Taking action during Bullying Prevention Month

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October 6, 2016

This October is the 10th anniversary of National Bullying Prevention Month. Bullying was rated as adults’ number one children’s health concern in the annual NPCH Top 10 Report. Although many states have enacted laws requiring bullying policies in schools, defining bullying and determining the appropriate response to bullying can be challenging for schools.

In a 2012 National Poll on Children’s Health, we asked adults for their perspectives on defining behaviors that might be considering bullying. Over half of adults said that embarrassing or humiliating a student (62%) and spreading rumors about a student (59%) is definitely bullying. 81% said schools should take action if a student embarrasses or humiliates another student and 76% said schools should take action when a student spreads rumors about another student. Read the full report - Bullying: When should schools take action?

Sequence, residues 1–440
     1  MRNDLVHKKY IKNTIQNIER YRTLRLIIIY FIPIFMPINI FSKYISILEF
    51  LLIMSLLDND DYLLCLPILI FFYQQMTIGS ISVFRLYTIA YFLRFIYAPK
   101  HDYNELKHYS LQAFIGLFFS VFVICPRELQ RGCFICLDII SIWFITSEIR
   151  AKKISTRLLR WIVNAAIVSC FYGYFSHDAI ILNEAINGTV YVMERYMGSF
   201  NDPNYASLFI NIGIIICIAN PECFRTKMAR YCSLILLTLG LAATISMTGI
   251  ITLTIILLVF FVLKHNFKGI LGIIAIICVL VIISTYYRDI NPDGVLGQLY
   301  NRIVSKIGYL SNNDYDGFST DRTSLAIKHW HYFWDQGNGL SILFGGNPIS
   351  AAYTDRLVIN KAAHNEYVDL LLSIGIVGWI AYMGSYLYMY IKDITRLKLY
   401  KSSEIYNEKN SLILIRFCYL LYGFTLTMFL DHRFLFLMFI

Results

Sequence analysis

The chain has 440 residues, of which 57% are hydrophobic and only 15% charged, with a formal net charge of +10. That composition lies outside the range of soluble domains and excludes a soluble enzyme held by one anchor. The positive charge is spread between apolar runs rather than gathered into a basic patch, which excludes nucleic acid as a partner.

Defining and punishing bullying is even more challenging for schools when the bullying happens online. In a 2015 NPCH Report, 45% of parents said sharing a photo altered to make a classmate appear fatter is definitely cyberbullying, and 35% said schools should respond with detention. 65% of parents said posting online rumors that a student had sex at school is definitely cyberbullying, and 21% said schools should respond by referring to law enforcement.

Consequences for cyberbullying: Parent views on how schools should respond

View full size image | View more children's health infographics

Bullying prevention initiatives can play an important role in promoting the health and safety of all children, both physically and mentally. For more information on National Bullying Prevention Month, or to find out how you can get involved, visit pacer.org/bullying/nbpm.

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